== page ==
ORAL HEALTH EVIDENCE-BASED PRACTICE PROGRAM
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Title In Patients with Obstructive Sleep Apnea (OSA), There is a Greater Prevalence of Sleep Bruxism When Compared to Those Without Obstructive Sleep Apnea
Clinical Question In patients with sleep bruxism, is there a greater prevalence of OSA when compared to those without sleep bruxism?
Clinical Bottom Line In patients with obstructive sleep apnea, there is a greater prevalence of sleep bruxism when compared to those without obstructive sleep apnea.
Best Evidence (you may view more info by clicking on the PubMed ID link)
PubMed ID Author / Year Patient Group Study type
(level of evidence)
#1) 11157584Ohayon/200113057 subjects aged > or = 15 yearsSurvey
Key resultsIn the control group with no tooth grinding, 1.4% exhibited obstructive sleep apnea. However, in the group of patients diagnosed with sleep bruxism, that number rose to 4.8%, producing a p value of < 0.0001. This displays a > 95% confidence in the presence of obstructive sleep apnea being a significant factor in producing higher prevalence of sleep bruxism.
#2) 24526386Hosoya/201467 patients with obstructive sleep apnea syndrome in whom sleep apnea occurred 5 or more times per hourCase Control Study
Key resultsThe prevalence of sleep bruxism was higher in the patients with obstructive sleep apnea syndrome than it was in the control group. 47.8% of the obstructive sleep apnea syndrome patients were diagnosed with sleep bruxism. The frequency of sleep bruxism was significantly higher with an occurrence of 7.02 events per hour with a standard deviation of 10.1 while the control group exhibits 2.88 event per hour with a 1.47 standard deviation (p<0.05).
Evidence Search ("Sleep Bruxism"[Mesh]) AND "Sleep Apnea, Obstructive"[Mesh]
Comments on
The Evidence
Validity: Groups were randomly selected but not randomly allocated. They were similar at start with the same tests and environment being tested in. More than 80% of the patients completed the study. Groups were treated the same. Adequate follow-up and compliance were present to gather accurate results. However, the study double-blind and recall bias do not apply to this study type. The study was supported by the Fond de la Recherche en Sante du Quebec and by an educational grant from Synthelabo Group. However, the article does not give an indication of whether or not conflicting interests are present. Perspective: Though the study was a survey, which does not usually provide high level of evidence, the validity of the study is still kept at a relatively high level with the extremely large sample size utilized. Validity: For the case control study, groups were similar at start with the same tests and environment being tested in. More than 80% of the patients completed the study. Groups were treated the same. Adequate follow-up and compliance were present to gather accurate results. However, it was not apparent the study was double blinded or whether or not the recall bias was unlikely. There was no competing interest to declare. Perspective: Though, case control study is not the most reliable of studies, this study seems relatively valid as most validity guidelines were followed.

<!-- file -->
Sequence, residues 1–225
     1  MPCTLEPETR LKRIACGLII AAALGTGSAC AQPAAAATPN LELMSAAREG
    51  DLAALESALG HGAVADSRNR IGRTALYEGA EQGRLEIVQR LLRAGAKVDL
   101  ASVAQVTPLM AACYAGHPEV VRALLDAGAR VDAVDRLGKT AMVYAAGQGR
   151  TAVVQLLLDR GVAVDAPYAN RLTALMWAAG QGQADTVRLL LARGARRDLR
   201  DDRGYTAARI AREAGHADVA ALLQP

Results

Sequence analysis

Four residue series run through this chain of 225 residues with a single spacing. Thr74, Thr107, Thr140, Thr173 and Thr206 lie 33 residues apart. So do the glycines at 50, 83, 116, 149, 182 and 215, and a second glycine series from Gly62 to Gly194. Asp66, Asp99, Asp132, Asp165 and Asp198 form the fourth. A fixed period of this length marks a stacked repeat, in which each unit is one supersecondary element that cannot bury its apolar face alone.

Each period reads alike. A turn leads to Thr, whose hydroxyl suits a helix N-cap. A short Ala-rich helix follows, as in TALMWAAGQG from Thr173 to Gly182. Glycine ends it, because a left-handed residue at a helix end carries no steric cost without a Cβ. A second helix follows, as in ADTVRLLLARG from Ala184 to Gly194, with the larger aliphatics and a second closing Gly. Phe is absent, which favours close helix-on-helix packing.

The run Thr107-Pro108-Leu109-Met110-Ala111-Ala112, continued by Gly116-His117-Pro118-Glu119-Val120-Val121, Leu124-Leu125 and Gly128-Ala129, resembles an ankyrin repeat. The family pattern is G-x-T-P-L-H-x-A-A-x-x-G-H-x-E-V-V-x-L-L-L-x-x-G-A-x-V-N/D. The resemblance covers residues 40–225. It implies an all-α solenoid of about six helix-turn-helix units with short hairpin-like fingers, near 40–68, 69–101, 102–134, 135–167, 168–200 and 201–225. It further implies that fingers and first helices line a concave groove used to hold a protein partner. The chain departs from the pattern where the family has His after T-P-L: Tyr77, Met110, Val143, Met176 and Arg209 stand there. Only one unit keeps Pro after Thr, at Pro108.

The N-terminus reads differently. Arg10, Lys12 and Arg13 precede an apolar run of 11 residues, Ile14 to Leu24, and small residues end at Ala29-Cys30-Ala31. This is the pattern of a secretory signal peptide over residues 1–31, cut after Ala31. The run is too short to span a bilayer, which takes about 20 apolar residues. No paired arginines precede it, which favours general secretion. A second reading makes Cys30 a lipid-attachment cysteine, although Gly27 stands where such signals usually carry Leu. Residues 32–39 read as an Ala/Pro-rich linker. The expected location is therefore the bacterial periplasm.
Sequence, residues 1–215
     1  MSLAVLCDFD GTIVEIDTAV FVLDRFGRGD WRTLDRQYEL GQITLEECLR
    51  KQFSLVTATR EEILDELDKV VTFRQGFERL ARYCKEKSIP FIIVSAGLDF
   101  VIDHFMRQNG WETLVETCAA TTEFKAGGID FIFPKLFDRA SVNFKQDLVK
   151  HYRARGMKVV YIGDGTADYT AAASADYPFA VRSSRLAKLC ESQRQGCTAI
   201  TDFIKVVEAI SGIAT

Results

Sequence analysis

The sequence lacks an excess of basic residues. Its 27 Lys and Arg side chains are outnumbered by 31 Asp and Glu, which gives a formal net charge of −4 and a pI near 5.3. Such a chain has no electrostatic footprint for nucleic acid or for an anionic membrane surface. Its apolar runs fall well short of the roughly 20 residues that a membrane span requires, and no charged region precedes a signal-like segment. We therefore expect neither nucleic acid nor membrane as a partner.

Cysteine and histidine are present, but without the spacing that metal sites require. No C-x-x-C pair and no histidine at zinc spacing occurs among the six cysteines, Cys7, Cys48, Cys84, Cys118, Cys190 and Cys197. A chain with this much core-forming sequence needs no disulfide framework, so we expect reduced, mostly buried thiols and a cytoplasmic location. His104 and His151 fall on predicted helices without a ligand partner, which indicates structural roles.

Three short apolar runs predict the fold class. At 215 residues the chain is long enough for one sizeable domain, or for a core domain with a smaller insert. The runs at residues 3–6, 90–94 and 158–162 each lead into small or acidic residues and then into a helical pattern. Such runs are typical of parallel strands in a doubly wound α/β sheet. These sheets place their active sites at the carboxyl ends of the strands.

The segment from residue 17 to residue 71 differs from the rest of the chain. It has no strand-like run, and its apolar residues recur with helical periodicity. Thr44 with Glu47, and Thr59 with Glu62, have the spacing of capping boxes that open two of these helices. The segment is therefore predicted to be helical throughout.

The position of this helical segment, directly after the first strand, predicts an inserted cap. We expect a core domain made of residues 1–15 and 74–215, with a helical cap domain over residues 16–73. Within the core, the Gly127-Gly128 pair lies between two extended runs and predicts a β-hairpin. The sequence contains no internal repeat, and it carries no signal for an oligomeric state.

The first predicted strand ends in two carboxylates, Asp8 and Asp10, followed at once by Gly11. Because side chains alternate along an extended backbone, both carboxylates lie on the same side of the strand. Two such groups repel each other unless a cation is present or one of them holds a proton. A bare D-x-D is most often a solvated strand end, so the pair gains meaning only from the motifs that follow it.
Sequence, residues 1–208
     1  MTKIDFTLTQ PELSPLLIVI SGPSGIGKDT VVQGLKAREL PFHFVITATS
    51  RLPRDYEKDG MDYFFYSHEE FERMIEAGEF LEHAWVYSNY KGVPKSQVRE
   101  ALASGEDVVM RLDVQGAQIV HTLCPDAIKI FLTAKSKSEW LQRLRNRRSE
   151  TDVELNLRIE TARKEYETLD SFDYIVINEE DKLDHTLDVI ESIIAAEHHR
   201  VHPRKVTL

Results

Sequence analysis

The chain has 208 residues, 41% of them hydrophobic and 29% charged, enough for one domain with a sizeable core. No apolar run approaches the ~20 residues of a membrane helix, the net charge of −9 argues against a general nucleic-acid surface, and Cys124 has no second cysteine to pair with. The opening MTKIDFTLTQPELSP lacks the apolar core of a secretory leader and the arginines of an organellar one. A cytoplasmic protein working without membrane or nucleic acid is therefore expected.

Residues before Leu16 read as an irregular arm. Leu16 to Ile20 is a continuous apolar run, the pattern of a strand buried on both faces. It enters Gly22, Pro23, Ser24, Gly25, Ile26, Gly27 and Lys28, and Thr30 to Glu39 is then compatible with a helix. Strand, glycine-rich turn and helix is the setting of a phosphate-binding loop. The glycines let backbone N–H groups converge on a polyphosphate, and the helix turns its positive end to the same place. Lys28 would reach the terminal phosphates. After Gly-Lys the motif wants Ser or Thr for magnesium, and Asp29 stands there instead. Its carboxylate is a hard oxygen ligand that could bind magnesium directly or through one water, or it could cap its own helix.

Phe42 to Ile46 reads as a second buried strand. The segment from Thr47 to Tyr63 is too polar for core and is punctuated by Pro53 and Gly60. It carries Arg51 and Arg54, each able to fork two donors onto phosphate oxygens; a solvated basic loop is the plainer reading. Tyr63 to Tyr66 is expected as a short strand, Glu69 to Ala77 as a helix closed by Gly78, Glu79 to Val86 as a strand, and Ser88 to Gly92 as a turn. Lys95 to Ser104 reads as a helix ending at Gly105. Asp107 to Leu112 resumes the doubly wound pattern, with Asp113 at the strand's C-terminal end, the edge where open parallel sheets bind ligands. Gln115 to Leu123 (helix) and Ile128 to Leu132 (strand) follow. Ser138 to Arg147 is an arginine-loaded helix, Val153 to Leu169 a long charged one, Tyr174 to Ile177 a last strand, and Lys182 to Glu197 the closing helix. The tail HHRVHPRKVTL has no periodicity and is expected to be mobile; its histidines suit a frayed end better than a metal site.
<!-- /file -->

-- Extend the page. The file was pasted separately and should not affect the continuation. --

Applicability The patients are all in good medical health/dental health as of right now. But, without treating the sleep apnea, bruxism could potentially cause many dental complications. The association between obstructive sleep apnea and sleep bruxism may motivate the patients to find a treatment plan, whether surgically or with a positive air pressure device, for the sleep apnea and resolve both problems at the same time.
Specialty/Discipline (General Dentistry)
Keywords Obstructive sleep apnea, sleep bruxism
ID# 2856
Date of submission: 04/15/2015spacer
E-mail hohr@livemail.uthscsa.edu
Author Ryan Ho
Co-author(s)
Co-author(s) e-mail
Faculty mentor/Co-author Kevin M. Gureckis, DMD
Faculty mentor/Co-author e-mail gureckis@uthscsa.edu
Basic Science Rationale
(Mechanisms that may account for and/or explain the clinical question, i.e. is the answer to the clinical question consistent with basic biological, physical and/or behavioral science principles, laws and research?)
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Comments on the CAT
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